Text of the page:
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25 an unstable world” (p. 48). Similarly, me dia texts and public discourse make use of structures similar to schemata, which are calls frames, that “highlight and link data selectively to tell more or less coherent st ories that define problems, diagnose causes, make moral judgments, and suggest remedies” (p. 49). The key feature of media frames, Entman and Rojecki imply, are that they sele ctively present information that prompt an audiences’ schematic understanding about that information. According to the authors, the most common schemata that individuals in a society share and the most common media frames define that society’s mainstream culture. In their study of how and why White-Ame ricans perceive Black-Americans in the way they do, Entman and Rojecki say that schema and framing are very influential. They say a schema of what is safe and dangerous is distinguished in large part by what a person considers to be his or her own culture and what is an out-culture. The more valued traits belong to the “u s” group while the less valued belong to the “them” group. Media frames, they go on to suggest, tend to reflect this schema in presenting an idealized body type, communicatio n behavior, and achievement st atus, and other series of traits that tend to leave Blacks on the outside. These traits, Entman and Rojecki note, are “perceived by most Whites as representing th e realm of disorder and perhaps danger” (p. 51). The concept of schemata was initially used in cognitive psychology and refers to the brain’s “representation of an event, often combined with features of the accompanying context, which retains, to vary ing degrees, the patterned features of the event” (Kagan, 2002, p. 27). It emerges from brain activity resulting from the sensory event. Kagan identifies two types of schema ta: those resulting from visceral reactions in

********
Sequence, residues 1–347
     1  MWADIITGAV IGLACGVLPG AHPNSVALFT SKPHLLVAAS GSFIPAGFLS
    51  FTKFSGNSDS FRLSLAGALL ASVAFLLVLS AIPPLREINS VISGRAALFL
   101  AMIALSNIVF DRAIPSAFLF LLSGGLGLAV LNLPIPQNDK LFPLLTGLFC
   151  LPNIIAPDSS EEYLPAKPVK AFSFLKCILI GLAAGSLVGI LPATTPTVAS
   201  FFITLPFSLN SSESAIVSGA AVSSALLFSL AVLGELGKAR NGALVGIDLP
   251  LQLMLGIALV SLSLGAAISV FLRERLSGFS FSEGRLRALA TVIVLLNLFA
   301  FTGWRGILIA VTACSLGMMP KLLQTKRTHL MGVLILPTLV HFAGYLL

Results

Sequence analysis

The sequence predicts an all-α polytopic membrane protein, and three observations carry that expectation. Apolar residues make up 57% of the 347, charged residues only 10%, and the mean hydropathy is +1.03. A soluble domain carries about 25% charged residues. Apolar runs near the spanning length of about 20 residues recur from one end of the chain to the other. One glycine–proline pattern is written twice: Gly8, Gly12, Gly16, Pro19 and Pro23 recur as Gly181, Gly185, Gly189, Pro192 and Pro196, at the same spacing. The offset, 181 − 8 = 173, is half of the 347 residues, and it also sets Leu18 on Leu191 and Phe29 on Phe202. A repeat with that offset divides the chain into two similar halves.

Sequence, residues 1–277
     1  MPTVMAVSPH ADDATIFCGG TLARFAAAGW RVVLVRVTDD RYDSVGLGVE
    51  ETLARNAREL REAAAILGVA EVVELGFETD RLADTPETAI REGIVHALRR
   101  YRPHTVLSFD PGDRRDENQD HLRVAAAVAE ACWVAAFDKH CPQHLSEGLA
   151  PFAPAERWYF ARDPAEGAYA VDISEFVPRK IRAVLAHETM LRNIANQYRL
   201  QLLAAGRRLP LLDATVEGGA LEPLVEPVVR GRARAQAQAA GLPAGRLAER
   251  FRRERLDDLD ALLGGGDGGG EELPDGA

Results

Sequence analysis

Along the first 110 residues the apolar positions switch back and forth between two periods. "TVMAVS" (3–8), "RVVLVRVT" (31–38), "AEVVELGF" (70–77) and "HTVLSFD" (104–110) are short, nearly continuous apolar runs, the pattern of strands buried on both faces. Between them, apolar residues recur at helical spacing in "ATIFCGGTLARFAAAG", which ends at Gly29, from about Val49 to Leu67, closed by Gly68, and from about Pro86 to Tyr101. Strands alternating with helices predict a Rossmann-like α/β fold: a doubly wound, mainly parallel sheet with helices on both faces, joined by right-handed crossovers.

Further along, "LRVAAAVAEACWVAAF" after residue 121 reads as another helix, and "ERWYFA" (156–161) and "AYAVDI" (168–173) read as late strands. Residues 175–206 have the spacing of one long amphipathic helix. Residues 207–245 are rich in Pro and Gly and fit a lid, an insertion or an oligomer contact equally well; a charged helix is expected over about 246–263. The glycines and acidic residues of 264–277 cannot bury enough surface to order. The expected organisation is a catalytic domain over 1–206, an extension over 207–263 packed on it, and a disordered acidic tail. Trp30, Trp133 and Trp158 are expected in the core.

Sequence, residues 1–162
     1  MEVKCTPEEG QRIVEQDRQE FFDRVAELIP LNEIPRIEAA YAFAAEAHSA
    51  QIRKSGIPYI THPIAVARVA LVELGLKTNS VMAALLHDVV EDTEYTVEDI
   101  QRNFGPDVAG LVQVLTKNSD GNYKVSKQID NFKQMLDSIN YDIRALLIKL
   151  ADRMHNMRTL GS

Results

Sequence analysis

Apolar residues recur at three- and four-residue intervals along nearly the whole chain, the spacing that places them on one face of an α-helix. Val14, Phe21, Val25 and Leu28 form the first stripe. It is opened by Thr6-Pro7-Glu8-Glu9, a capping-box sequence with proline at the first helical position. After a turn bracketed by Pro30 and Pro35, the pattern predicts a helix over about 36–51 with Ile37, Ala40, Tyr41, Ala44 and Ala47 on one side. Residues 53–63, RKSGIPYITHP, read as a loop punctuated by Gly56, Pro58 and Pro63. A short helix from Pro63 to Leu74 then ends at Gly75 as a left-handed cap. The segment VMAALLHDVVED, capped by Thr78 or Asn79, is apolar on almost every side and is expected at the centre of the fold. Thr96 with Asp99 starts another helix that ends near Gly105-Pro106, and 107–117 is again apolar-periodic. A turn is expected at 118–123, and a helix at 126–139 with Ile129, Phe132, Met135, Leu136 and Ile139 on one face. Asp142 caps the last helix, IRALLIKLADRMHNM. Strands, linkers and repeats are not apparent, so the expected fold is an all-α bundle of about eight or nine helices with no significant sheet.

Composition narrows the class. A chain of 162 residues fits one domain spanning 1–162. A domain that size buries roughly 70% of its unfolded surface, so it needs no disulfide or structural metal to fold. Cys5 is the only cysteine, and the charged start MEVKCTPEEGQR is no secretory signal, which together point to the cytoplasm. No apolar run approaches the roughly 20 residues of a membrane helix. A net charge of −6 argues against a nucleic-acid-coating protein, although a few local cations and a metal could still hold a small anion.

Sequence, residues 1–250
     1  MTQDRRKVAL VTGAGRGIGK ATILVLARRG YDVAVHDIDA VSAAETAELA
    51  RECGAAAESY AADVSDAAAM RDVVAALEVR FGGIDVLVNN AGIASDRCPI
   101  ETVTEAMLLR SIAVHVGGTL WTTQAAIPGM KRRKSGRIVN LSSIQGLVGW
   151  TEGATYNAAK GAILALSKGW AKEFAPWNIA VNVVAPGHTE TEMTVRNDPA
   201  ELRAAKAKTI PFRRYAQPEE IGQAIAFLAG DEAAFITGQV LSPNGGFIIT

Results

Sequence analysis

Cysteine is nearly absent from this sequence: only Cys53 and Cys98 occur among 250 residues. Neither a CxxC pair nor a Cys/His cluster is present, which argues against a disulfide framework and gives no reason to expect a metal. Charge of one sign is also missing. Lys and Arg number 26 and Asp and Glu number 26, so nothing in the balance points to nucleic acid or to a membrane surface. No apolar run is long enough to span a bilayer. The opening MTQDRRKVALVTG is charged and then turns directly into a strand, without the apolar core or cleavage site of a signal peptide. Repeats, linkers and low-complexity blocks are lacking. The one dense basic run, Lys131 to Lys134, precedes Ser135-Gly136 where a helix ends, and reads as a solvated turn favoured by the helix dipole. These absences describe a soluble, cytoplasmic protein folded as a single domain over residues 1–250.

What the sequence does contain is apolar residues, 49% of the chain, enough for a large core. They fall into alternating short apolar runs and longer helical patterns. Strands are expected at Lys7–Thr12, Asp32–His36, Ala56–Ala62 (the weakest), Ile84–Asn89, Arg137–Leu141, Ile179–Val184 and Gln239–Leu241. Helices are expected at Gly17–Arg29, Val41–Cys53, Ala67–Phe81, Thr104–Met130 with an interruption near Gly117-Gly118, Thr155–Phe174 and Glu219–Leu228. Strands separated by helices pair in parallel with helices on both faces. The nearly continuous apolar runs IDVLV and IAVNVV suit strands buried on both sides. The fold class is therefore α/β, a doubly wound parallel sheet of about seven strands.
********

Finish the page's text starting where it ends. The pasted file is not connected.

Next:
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26 sensory receptors, which then are represented symbolically (i.e. unpleasant or pleasant), and those perceptual schemata that derive from external events around an individual. Newborns, he goes on to say, are born with sel ective attention for things such as circular forms, moving objects, and contoured fields and thus are prepared to build certain schemata for making sense of the world earl y on (p. 33). Humans, Neisser (1976) noted, cannot and do not process all th e stimuli that they encounter in their daily lives and need to selectively attend to perception. While sc hemata work to filter incoming information, during certain moments, differe nt schemata compete to make sense of a phenomenon (pp. 79-81). Three general classes of schemata deal w ith structuring how the social world works according to Taylor and Crocker (1981). One schema deals with personalities and prototypic conceptions about the behavior of these personalities. Another schemata deals with the social roles th at individuals shoul d have, which includes such things as occupational roles, family roles, and even the stereotypical roles of social groups. A third is an event schema for particular circumstances like a party and the behavior they entail. Event schemata also function as tools to recognize and make sense of stories. Schemata, which Entman and Rojecki (2000) say simultaneously define “mainstream culture” and also exist as a result of that culture, can be probed in order to understand how individuals understand the social world in which they exist. Graber (1988) indicates that schema come from many places. They are acquired not only through operant conditioning and overt t eaching but also from imitation. The socialization of individuals, imprinted with the cultural values of the particular society he or she lives in, teaches individuals detailed ideas about appropriate behavior and social